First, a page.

The U.S.-led deal to freeze Iran's nuclear program is a great accomplishment on many levels. Begin with the most basic: What if the talks in Geneva had failed? If Secretary of State John Kerry and Iranian Foreign Minister Mohammad Javad Zarif had gone home empty-handed, we would likely be drifting toward war. Iran's uranium-enrichment centrifuges would continue whirling until it became unambiguously clear that the nation, if it chose, could make a "breakout" dash to build a nuclear weapon in a matter of weeks — something President Barack Obama has said he would not allow.
The president could decide to attack Iran's nuclear facilities or he could wait until Israeli military action forced his hand. Either way, we'd be engaged in another Middle East war — one whose economic, political and human consequences could be dire.
So what did Kerry do in Geneva? He won an agreement that not only freezes Iran's nuclear-enrichment program for six months but actually rolls it back; that prevents new nuclear facilities from coming online; and that provides for unprecedented daily inspections to ensure that Iran is living up to it commitments.
Let me restate that to make it clearer: In May of next year, Iran will be further away from being able to build a bomb than it is today.
And this achievement is being attacked with the word "appeasement" and references to Munich? Give me a break.
In return, the United States and other leading nations have agreed to suspend some minor sanctions that mean a paltry $7 billion to the Iranian economy. Even if negotiations for a permanent agreement ultimately fail, this is a bargain price for six months of peace — six months, mind you, during which the Iranian nuclear program goes backward, not forward.
Critics complain that the agreement recognizes Iran's right to enrich uranium, if only in low concentrations that are useless for bomb-making. In fact, the Geneva accord is deliberately ambiguous on this issue. But it should be clear by now that sanctions, however draconian, will never halt Iran's enrichment program.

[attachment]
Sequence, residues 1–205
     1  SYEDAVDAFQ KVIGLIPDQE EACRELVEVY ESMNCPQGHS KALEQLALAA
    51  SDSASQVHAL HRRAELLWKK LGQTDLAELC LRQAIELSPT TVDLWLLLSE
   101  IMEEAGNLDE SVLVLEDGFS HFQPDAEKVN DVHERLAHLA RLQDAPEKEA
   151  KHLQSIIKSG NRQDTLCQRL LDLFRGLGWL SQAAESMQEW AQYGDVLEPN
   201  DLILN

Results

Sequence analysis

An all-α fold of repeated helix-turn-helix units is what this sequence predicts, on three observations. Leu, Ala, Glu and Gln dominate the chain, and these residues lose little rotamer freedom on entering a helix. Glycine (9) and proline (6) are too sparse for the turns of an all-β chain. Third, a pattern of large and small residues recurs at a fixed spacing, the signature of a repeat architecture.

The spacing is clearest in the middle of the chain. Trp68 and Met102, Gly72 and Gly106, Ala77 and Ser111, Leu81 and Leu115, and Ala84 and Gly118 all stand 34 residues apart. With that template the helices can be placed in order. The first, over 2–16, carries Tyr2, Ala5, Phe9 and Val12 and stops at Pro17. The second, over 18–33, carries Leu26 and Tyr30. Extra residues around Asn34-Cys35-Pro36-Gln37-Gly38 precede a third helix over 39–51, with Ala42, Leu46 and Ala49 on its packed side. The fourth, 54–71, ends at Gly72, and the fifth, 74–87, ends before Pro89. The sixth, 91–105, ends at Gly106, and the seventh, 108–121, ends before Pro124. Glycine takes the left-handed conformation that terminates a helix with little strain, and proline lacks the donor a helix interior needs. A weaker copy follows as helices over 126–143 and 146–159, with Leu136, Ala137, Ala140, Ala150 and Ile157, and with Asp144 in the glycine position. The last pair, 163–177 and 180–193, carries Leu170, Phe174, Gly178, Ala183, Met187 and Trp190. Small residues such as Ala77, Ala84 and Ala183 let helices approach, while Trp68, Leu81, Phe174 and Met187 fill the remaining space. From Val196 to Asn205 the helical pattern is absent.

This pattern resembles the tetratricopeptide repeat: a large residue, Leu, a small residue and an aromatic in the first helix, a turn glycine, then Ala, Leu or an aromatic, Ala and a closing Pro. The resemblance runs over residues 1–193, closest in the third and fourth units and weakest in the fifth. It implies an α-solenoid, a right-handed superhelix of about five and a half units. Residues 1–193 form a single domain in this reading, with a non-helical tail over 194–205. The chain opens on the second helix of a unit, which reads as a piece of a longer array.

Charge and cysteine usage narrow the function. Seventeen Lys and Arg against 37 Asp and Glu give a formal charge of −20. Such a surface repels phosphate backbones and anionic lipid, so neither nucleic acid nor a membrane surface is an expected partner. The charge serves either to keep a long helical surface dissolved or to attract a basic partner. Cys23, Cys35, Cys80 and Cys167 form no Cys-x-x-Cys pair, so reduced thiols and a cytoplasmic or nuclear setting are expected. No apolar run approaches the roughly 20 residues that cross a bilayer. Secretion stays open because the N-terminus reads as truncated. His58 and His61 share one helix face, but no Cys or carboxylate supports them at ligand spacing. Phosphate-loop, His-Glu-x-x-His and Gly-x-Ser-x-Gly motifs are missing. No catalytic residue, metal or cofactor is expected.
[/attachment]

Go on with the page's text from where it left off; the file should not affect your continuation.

In 2006, when the first U.N. sanctions were applied, Iran had at most 3,000 functioning centrifuges that produced enriched uranium at a concentration of just 3.5 percent. Now Iran has at least 18,000 centrifuges and is able to enrich uranium to the level of 20 percent — which is nine-tenths of the way toward making fuel for a bomb.
Under the Geneva pact, half of Iran's 20 percent uranium will be diluted and no more will be produced. A military strike that eliminated half of the potential fuel for a "breakout" bomb — and wiped out the capability to make more — would surely be reckoned a success. It is just plain dumb to attack Kerry and Obama for achieving the same thing without firing a shot.
Critics can't plausibly oppose the agreement on practical grounds. The real reason they are freaking out is that the agreement was made possible by the most extensive high-level bilateral contacts between Washington and Tehran since the 1979 Iranian revolution. This has the potential to reshape the whole region — to the detriment of those vested in the status quo.
With vast reserves of oil and a population of 80 million, Iran has the dimensions, and the ambitions, of a regional superpower. The election of President Hassan Rouhani — a "moderate" in the context of the radical Islamic regime — suggests Iran may be ready to change its relationship with the West from confrontation to coexistence. Obama has signaled a willingness to test this proposition.